Thursday, May 27, 2010

Waxing Pathetic

It was a warm day and my car was in need of a good scrubbing and polish. Oddly that was just how my mother used to describe my monthly flea dip and shoeshine in my youth. So yeah the car had a little road grime and a few burnt offerings left from passing geese and some gum trees.

I went to the store to research bug and tar remover along with various wax and polish compounds. Now if you have not made this pilgrimage lately, I recommend you allow at least an hour. That’s right, there are about 50 different products among a dozen manufacturers to compare. Since I am so cheap I could immediately eliminate at least half of them but still that is a lot of warning labels to read when you’re an old guy with a drinking problem.

I was dizzy by the 7th or 8th product; it was pretty clear that all of these wax formulations taste ABOUT THE SAME. None of them want you to apply their polish in the sun or on a hot car. No problem there because when people see my car they describe it as anything BUT hot. These waxes all kind of look white, oily, and pasty – almost exactly like the goose stuff I am ALREADY trying to remove from the car. The fancy polishes come in bottles with high class labels but give you NOTHING to apply the stuff with for twice the price. The cheaper products come in a tin or plastic tub with a powder puff applicator pad.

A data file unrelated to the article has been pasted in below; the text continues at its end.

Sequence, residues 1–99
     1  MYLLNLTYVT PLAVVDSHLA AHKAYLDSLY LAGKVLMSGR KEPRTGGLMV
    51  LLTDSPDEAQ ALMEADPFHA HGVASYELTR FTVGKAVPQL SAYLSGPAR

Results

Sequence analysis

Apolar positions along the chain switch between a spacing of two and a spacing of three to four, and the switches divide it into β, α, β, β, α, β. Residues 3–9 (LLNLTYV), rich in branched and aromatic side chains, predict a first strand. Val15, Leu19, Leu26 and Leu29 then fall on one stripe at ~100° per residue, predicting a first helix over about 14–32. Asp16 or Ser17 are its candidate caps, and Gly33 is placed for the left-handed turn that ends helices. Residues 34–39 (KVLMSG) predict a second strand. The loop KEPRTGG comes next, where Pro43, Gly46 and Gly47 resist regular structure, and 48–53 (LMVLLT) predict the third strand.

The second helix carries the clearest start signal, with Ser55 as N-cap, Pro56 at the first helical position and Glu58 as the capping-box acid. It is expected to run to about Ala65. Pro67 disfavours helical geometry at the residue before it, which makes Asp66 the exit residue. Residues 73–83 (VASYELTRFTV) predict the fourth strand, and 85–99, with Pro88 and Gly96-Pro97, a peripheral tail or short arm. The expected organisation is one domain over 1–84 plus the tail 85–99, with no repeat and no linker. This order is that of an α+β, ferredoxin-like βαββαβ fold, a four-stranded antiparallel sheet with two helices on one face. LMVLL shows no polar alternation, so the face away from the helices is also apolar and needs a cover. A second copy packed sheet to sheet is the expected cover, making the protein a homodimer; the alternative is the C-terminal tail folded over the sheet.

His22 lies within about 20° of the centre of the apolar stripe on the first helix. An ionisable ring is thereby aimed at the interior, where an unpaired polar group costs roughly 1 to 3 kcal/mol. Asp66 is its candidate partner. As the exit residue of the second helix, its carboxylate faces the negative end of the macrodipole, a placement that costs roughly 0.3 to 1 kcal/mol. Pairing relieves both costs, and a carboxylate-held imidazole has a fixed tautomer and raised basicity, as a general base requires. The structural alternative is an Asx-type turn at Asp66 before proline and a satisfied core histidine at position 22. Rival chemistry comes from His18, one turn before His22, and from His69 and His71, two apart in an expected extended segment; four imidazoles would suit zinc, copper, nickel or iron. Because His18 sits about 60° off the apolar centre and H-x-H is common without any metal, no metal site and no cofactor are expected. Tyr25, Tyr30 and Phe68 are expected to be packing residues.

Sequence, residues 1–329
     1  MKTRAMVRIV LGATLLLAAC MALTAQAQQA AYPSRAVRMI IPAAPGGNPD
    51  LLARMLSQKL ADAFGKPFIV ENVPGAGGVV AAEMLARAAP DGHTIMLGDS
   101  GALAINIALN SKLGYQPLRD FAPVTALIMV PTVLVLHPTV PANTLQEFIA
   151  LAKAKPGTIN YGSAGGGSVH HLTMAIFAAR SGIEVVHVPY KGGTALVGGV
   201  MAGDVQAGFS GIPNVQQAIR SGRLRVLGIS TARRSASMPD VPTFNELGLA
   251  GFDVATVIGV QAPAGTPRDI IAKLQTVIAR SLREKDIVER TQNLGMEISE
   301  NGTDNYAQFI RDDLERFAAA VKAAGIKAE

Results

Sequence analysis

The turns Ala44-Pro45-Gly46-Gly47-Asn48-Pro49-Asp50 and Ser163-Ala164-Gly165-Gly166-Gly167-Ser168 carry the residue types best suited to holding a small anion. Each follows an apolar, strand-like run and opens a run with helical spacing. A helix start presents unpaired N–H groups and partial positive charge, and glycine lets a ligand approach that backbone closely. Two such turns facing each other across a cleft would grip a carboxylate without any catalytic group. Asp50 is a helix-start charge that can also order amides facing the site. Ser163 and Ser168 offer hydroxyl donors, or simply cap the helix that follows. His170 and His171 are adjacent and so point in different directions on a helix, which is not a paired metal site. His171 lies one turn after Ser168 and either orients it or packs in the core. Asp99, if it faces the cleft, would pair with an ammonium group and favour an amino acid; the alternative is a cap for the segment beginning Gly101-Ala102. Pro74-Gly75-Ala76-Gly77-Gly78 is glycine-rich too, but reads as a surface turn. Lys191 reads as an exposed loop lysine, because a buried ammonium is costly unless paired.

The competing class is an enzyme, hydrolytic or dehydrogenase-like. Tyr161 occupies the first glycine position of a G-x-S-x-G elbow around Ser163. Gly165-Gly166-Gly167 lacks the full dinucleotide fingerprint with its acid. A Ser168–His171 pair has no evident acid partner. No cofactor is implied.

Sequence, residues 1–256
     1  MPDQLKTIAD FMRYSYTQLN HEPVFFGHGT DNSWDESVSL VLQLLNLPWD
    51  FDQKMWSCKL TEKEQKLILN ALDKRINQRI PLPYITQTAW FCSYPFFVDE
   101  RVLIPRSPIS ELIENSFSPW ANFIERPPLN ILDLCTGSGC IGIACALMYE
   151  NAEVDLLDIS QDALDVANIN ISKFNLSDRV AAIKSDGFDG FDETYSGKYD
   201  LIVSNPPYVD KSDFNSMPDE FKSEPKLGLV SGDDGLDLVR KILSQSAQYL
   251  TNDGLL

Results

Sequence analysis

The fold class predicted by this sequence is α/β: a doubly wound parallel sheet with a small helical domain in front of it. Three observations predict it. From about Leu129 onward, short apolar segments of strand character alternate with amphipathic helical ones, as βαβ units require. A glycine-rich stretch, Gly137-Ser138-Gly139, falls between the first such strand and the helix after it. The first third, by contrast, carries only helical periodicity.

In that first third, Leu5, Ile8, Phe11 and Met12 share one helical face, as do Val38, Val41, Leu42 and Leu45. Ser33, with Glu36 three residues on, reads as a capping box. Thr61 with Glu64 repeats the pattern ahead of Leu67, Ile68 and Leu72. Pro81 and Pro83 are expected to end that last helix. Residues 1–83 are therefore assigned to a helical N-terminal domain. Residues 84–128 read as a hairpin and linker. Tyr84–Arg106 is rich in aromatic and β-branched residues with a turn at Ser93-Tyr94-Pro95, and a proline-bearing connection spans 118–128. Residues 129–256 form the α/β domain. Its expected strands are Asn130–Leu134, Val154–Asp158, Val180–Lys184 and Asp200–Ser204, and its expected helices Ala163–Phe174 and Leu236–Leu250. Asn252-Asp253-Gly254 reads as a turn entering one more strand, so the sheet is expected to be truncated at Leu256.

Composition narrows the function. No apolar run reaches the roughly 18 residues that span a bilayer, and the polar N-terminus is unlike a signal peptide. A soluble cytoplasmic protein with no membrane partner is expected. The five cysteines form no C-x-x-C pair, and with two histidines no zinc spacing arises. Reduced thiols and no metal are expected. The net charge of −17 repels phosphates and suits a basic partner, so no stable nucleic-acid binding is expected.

If I am lucky I will wax my car maybe twice a year. Even after applying this new gunk I will still have about 95% of the bottle left over. That means even if I don’t like it, I will have to use it 19 more times – who knows I may be dead by then and I KNOW the car will be? Fortunately the car polished up well so I will not have to worry about a different wax for awhile unless my unibrow grows back in. It's pathetic though ... my car now actually looks too clean with its spit-shiny in-your-face sheen. I wonder where I can go park in the hot sun and scare up some geese to dot my car with their own special formulation of liquid wax?

1 comment:

  1. Not only don't polish in the sun, but don't put most polish or wax products on to a hot metal surface. Bakes it from underneath. At least spray the car with cold hose water to cool the metal and let dry first. A couple of my first cars were rolling proof of the 'camo job' baked-on polish can do. Now I just add the power wax in a Car Wash.